windows is definitely not a .NET tag (not any more so than linux is a PHP tag). And visual-studio is questionable; yes, it's Microsoft, but so what? It's just an IDE, it could be used for C++ applications too. Also, many Ruby On Rails programmers could probably answer certain ASP.NET MVC questions, and I fail to see how it makes any sense to lump mysql and sql-server in the same group.
    – Aarobot
    May 23, 2010 at 16:40

Generalist is, and should be, about contributing significantly in a variety of topics. We can quibble about the exact implementation, but I think it's reasonable and I'm glad all of the original badges are finally achievable.

  • 7
    Also glad to see it implemented, and not really unhappy, but this selection rewards participation in the same topics that have high representation (and are at least perceived as easier to get [[specialist]] in). Frankly, if you're active in windows-development- and sql-related you're more than halfway home. Pointedly, it doesn't look like stackoverflow.com/users/41661/norman-ramsey is like to get [genralist] anytime soon, and by any reasonable measure he is one. May 23, 2010 at 13:51
  • @dmckee: Nicely put! May 23, 2010 at 15:24
  • @dmckee -- there are, perhaps, lots of different ways to do it - using meta-tags to group tags into categories then measuring rep over the categories, basing it on getting specialist in some number of different tags (or categories of tags). The current system seems to do a good job of measuring contributions in areas that people care about the most. It does seem to leave out people who are generalists in niche technologies, though: [status-bydesign]?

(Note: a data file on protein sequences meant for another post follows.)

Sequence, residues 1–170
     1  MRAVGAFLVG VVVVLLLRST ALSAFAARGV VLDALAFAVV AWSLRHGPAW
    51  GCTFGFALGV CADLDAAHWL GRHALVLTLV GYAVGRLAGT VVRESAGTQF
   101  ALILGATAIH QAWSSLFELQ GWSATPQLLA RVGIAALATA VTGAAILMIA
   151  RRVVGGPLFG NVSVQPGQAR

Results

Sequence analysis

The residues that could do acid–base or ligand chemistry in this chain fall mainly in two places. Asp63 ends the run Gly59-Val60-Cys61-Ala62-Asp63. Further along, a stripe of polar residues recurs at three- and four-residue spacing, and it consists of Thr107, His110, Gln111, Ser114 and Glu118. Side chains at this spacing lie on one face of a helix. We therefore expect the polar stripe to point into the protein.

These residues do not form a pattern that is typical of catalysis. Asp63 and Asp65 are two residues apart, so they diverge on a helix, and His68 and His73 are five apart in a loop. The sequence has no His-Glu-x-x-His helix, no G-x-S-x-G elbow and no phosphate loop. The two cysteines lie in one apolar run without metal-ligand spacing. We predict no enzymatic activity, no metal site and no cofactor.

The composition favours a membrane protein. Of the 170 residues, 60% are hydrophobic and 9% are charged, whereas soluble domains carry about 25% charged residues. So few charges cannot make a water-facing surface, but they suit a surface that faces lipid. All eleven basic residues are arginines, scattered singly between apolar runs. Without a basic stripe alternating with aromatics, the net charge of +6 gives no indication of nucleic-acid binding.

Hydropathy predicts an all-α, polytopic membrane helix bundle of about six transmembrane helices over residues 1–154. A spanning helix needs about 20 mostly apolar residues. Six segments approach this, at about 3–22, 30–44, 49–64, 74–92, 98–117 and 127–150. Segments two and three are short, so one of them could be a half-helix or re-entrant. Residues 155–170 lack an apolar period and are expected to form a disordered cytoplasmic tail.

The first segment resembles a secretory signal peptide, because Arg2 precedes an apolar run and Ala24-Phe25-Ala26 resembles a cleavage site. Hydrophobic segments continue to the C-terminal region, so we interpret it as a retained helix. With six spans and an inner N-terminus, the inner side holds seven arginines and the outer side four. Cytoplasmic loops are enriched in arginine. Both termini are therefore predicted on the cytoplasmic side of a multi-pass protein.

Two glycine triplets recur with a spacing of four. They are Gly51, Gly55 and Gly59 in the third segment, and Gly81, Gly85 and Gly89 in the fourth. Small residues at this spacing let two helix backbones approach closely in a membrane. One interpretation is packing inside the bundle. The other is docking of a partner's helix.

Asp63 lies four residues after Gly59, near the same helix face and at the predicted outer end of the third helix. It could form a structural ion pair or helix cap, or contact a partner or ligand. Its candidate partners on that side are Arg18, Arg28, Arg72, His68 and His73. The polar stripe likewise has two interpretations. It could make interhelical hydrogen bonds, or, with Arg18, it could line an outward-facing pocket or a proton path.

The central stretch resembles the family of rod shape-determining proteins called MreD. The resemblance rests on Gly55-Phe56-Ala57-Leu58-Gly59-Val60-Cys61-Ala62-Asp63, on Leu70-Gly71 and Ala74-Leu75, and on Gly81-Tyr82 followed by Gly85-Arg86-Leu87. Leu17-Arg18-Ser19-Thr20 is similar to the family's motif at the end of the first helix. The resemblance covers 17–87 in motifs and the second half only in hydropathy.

– tvanfosson
    May 23, 2010 at 15:32
  • Exactly, I think this is by design. Being fluent in 20 different totally obscure technologies does not make you a generalist, it makes you a specialist in 20 obscure technologies. If I know 20 different world languages but not English, French or Spanish, can I really, honestly call myself a spoken-language generalist?
    – Aarobot
    May 23, 2010 at 17:16
  • @tvanfosson: I'd have preferred something closer to meta.stackexchange.com/questions/4916/…: as I think that does a better job of measuring real diversity of skill. On the other had, I won't be passing out torches and pitchforks. May 24, 2010 at 8:18
  • @dmckee -- it's missing the one thing that all of the other badge qualifications have: simplicity. I like @cletus answer on that page, but it suffers from bias even more than the current implementation. If anything I'd keep the current implementation and expand the base set of tags -- maybe 20 of out 100?